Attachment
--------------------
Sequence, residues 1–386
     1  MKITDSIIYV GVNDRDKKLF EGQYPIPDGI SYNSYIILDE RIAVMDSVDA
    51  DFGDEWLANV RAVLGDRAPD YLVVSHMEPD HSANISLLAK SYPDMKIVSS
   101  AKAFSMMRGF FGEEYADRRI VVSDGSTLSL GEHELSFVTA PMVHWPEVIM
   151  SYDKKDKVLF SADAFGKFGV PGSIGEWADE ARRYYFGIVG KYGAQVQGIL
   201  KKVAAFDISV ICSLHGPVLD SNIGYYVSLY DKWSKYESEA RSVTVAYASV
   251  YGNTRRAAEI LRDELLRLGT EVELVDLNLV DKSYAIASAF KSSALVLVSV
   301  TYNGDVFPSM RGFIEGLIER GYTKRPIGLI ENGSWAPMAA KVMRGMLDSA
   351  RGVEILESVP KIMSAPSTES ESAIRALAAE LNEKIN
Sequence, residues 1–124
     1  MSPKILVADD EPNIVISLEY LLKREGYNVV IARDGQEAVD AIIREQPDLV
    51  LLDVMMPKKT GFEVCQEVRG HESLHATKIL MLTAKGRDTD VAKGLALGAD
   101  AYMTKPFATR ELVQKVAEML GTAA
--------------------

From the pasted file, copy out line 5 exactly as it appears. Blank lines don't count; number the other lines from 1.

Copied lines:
   151  SYDKKDKVLF SADAFGKFGV PGSIGEWADE ARRYYFGIVG KYGAQVQGIL